Episode 167: How to Find Potential Clients Online
Oh, magical Internet with all your superpowers, surely you can help me find allllll the clients without breaking a sweat. If only it was that easy! In this episode, we’re getting real about how to find potential clients online.
Before we dive in — a warning: This isn’t an episode about content marketing. While I love all things content marketing, we do a breakdown on the ins and outs of this on episode 151.
Instead, we’re going to break down some of the best tactics to help you find clients online that don’t involve you creating mounds of content and killing yourself to try to become an Instagram superstar.
Before I get into all of these, I do want to share a disclaimer that these can be longer lead ways to find clients, and they’re less direct. One of my biggest frustrations when it comes to finding clients online is that people think that if they’re on the Internet, it will happen through some type of secret unicorn blood magic.
To find clients online, the focus still needs to be on relationships and trying to take a conversation down to a 1:1 level.
With that out of the way, let’s get down to it.
Be a Special Guest Star
When I was a kid, I used to love when my favorite shows would have a special guest star. Sure, it was a ploy to boost ratings, but it added a little something extra to the episode. Think of Friends and how many people they had as guest stars on the show; being a guest star instantly gets you attention, and shines the spotlight on you.
So when I say guest star, you may be wondering what the options are. This is what I typically refer to as being featured on “other people’s platforms.” This could be guest teaching, participating in an Instagram takeover, doing podcast interviews, or speaking at events. The key is that you’re being highlighted on someone else’s existing platform vs. building one of your own.
The idea of being a guest star can be intimidating; start by thinking about where your talents lie and play to them. Then do the work to identify opportunities and start positioning yourself as a desirable guest.
When I say online communities, these may be spaces either on social media, such as Facebook groups, or spaces that exist as part of programs. Don’t get hung up on the platform, but consider where people who are your potential clients are gathering online.
Joining these communities isn’t enough; you need to commit to consistent action and find ways to add value. Lurking will not get you noticed.
Hands down one of the most effective ways to engage in online communities is to be insanely helpful. Answer questions, be of service and reduce conversations down to a personal level.
Someone who’s amazing at this is Samantha Pennington, who’s a member of the Small Business Boss Society. I see her in action all the time, and there’s a reason online communities have helped fuel the growth of her business. She’s always adding value and is thoughtful in what she shares. Most of all, it’s genuine.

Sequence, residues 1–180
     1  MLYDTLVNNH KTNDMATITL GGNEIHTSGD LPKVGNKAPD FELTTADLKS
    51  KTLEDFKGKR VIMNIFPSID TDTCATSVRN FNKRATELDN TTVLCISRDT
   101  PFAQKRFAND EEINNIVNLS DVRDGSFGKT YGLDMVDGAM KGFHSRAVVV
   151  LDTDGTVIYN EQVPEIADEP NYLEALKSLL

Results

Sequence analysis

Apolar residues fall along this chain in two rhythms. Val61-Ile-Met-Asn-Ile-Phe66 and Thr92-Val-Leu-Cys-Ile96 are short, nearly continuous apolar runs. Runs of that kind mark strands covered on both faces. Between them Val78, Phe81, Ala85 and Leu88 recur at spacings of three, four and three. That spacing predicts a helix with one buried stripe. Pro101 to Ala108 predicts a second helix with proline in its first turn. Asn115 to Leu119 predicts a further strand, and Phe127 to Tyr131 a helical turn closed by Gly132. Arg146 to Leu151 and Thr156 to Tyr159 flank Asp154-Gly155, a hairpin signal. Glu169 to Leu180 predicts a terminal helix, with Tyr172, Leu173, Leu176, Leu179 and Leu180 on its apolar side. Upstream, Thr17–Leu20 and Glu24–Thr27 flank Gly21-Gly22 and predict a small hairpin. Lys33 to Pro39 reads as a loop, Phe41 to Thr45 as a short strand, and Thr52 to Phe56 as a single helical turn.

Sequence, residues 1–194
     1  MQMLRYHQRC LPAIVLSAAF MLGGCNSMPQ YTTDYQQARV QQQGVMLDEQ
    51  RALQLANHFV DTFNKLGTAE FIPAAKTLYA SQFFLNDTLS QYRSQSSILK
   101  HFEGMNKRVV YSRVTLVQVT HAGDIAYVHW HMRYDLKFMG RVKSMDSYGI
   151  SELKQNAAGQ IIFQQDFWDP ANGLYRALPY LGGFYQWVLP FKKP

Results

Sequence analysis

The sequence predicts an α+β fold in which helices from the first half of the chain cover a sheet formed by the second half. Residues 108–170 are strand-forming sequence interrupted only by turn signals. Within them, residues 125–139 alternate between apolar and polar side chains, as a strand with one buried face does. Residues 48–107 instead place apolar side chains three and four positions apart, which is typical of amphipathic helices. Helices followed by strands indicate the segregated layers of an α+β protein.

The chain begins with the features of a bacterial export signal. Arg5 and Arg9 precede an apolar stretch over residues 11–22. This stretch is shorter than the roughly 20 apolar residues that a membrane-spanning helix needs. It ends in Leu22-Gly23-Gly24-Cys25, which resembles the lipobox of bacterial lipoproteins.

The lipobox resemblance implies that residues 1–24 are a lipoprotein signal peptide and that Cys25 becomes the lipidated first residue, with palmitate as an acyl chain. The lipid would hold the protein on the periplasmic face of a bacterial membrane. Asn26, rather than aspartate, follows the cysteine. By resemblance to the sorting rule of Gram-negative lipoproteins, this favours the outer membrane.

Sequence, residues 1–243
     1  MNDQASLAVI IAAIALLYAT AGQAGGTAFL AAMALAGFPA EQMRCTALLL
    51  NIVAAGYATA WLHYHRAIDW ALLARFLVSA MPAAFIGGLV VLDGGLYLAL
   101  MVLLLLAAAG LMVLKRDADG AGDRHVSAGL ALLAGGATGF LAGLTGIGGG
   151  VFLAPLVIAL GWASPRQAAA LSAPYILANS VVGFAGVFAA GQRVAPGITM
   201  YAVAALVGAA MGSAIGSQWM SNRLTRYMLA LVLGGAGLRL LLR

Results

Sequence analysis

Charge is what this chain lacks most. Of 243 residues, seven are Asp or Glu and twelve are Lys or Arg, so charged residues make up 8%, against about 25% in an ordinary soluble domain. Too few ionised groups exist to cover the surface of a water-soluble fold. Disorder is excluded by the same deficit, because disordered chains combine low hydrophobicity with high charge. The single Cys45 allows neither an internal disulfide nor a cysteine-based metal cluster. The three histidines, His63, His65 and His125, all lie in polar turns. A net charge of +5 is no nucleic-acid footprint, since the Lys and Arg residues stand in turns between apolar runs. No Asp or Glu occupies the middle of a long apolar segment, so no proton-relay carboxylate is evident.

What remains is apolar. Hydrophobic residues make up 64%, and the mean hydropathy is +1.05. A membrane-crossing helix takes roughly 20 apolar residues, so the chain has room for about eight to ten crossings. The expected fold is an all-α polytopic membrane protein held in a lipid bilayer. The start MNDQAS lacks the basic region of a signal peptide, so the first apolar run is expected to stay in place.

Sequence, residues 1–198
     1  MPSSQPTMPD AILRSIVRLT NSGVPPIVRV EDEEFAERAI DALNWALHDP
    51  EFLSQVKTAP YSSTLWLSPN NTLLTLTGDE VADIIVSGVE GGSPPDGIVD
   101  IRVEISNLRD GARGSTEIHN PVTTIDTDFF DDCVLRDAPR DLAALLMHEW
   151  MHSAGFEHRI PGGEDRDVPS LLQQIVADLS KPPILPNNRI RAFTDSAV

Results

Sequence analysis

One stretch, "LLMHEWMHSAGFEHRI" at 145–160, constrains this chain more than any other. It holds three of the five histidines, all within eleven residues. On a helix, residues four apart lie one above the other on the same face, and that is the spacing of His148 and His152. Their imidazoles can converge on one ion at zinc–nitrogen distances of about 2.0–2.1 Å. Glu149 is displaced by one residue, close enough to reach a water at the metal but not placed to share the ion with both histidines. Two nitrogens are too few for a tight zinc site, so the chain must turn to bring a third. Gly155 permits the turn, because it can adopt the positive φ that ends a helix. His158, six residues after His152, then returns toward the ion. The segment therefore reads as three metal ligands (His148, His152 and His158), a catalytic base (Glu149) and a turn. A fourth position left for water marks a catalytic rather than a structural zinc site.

When it comes to online communities, work to cull the list of communities you participate into only a handful, and avoid the temptation to be a know-it-all. No one likes individuals who roll up into a group and make things all about them and how brilliant they are.
Next up, the one tactic that I think scares people the most: cold outreach via email or LinkedIn.
Newsflash. You can do this in a way that’s not gross or pushy. I know because it’s something we’ve added to our lead gen for Scoop Studios, and I only wish now we’d started sooner. It’s WAY less icky or scary than I thought.
You can target companies you think could be ideal clients via LinkedIn or by email. To make it helpful, do your homework so your outreach is personalized and relevant.
I can’t emphasize enough how much a thoughtful approach is needed to be effective, because I’m on the receiving end of these emails and 99.99% of them totally blow.
Be the exception, and keep in mind that cold outreach to some degree is a numbers game, so don’t get discouraged.
If you have an active social media presence, this is a great way to nurture potential clients, so find ways to cut through the layers of BS and have a conversation.
This means engaging your audience, having discussions, and dropping the pretense that you’re Beyoncé and don’t have time to answer. Social media is meant to be social, and unless you have 126 million followers, I’m willing to bet you can make a little time.
Personally, this is something I’m working on for Small Business Boss right now as I realize how easy it is to default to social media being a publishing platform, and in 2019, that’s simply not good enough. The brands who stand out and breed loyalty are the ones that show up and have conversations. A change is coming with social media so if it’s part of your marketing strategy, think about how to ensure it’s truly social.
Make sure to join us over in the Small Business Boss Squad, the free Facebook group where we’ll keep this conversation going! I want to hear from you exactly how you’re going to put this into action to find more clients.